In the second stage, the source was asked to install specific platforms and submit assignments “typical for the position,” according to the researchers. Bastion also warned the source against installing antivirus software on the device and advised them to only use company-prescribed tools or face hefty fines. Individuals interested in learning new tools were provided additional resources that could be used for both legitimate penetration testing and malicious activity. The Bastion Secure representative told the source that the tools would help them manage their client’s systems and secure themselves.
Stage 3: ‘Real-World’ Assignments
In the third and final stage of the interview process, the source was given a “real-world” assignment, in which they were asked to conduct a penetration test against one of Bastion Secure’s customers, the researchers say. According to the researchers, this alerted the source, who told the researchers that Bastion Secure provided access to a customer’s network without any legal trail or documentation and were only interested in file systems and backups.
According to the researchers, this move implies that “FIN7 has continued to expand into the ransomware sphere.” Nick Carr, a security analyst at Microsoft, said at the Mandiant Cyber Defense Summit in September that FIN7 had produced the software used in the hack that disrupted Colonial Pipeline Co.’s operations, The Wall Street Journal said.
Old Tactic, New Twist
Although the process is not new, it is interesting to see how threat groups filter out unsuitable candidates, says Roger Grimes, data-driven defense evangelist at cybersecurity firm KnowBe4.
“This [the recruitment scam] has been going on for decades, especially in India, Russia and China. All the big job sites are full of positions for malicious companies. What is interesting is how quickly they filter out a candidate who has ethics and is interested in not breaking the law,” he tells ISMG.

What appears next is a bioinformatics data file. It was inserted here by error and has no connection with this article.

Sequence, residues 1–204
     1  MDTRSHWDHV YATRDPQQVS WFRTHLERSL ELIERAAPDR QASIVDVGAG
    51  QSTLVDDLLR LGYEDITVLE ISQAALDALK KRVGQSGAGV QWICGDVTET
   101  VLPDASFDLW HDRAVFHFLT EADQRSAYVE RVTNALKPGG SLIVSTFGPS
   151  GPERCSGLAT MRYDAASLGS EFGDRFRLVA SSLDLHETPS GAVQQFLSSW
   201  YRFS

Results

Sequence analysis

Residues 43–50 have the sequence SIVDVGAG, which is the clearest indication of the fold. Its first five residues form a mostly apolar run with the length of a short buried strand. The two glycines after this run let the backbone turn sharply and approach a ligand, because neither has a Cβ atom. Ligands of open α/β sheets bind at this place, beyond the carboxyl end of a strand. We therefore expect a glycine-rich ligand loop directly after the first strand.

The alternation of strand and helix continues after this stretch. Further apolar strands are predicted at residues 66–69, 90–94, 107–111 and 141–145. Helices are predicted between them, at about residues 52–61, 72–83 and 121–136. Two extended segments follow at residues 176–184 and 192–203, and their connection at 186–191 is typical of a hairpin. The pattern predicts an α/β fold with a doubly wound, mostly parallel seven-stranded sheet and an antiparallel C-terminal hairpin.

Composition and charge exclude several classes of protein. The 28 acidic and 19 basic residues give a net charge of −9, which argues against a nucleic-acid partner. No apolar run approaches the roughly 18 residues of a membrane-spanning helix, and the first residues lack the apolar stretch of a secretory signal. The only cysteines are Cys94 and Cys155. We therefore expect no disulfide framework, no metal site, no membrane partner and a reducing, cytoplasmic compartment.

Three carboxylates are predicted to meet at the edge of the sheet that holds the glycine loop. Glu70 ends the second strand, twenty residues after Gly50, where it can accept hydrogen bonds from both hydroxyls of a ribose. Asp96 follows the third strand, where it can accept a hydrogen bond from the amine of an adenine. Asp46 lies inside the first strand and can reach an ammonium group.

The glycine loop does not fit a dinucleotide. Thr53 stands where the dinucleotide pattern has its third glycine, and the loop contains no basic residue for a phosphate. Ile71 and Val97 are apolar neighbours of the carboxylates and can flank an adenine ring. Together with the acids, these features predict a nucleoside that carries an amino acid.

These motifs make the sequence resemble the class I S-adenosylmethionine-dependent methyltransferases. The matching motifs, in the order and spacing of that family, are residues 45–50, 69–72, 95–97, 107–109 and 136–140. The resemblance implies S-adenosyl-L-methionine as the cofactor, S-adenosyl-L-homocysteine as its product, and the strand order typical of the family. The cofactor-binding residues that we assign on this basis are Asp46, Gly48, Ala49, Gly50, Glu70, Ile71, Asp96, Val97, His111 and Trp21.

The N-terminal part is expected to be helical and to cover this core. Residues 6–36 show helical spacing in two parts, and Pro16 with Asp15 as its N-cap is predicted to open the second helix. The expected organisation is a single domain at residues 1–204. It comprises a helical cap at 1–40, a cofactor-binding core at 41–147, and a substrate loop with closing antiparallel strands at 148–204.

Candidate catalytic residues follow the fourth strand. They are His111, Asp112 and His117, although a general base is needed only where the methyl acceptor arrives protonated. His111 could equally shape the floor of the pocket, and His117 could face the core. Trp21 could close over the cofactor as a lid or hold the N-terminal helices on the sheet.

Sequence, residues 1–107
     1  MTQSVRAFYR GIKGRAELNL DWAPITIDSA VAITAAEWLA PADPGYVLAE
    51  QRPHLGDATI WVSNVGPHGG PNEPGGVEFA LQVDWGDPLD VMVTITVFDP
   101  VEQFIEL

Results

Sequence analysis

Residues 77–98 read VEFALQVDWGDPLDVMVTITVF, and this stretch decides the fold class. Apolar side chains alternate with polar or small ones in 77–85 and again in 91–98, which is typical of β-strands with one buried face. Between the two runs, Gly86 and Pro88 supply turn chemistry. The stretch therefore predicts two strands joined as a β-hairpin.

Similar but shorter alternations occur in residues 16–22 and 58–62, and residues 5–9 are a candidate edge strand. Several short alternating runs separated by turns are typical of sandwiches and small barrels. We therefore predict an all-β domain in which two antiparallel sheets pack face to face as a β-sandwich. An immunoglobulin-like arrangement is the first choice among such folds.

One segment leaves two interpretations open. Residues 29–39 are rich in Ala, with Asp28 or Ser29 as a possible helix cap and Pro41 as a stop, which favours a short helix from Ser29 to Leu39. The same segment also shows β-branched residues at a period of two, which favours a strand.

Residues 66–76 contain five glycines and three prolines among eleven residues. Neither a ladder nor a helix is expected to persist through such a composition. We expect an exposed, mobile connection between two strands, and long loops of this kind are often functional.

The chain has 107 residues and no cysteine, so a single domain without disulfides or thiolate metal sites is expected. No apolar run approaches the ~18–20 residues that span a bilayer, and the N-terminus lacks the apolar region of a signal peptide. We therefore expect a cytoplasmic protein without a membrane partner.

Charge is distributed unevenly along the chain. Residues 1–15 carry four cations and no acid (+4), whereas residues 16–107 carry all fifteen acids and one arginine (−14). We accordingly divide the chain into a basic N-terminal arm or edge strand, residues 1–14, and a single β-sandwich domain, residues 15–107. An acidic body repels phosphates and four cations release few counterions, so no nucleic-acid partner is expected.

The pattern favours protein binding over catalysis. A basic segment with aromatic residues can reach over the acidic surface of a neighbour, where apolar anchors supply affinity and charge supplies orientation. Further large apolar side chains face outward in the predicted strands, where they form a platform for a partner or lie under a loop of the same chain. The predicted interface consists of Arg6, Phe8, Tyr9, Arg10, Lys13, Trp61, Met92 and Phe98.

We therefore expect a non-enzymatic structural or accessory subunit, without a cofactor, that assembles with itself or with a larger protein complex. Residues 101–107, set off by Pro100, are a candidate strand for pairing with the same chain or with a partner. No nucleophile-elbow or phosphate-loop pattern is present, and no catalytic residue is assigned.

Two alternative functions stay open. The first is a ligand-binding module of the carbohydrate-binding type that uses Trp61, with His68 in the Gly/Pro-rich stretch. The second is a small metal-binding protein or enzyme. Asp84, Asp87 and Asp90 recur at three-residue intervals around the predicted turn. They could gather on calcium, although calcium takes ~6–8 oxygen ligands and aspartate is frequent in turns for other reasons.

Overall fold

“The malware companies are looking for the strongest developers they can get, so they advertise all the right skills and requirements for the job. When they connect to a candidate and start the initial interview, if the candidate asks any questions that might indicate that the candidate might have a problem with the intent of what they might be doing, they are immediately cut off,” he adds.
Recruiting security professionals to do the hard work of gaining access to a target – who will then be set up to take the fall for any criminal involvement detected – is, “in a way, brilliant,” says Chris Clements, vice president of solutions architecture at Cerberus Sentinel.
“Given the low amount of pay advertised, the recruitment targets are likely low-skilled or in very poor areas of the world. Experienced penetration testers in the developed world can command salaries many times what FIN7 appears to have offered. Still, this points to ransomware gangs more and more turning to targeted attacks against specific victims rather than haphazard ‘spray and pray’-type approaches to compromising targets,” he tells ISMG.
Gemini Advisory sent law enforcement agencies a copy of the report that it says was redacted only for public viewing to protect its source.
As a preventive measure, search engine giant Google added the www[.]bastionsecure[.]com domain name to its blacklisting service Safe Browsing. Those who try to access the website receive a “Deceptive site ahead” warning.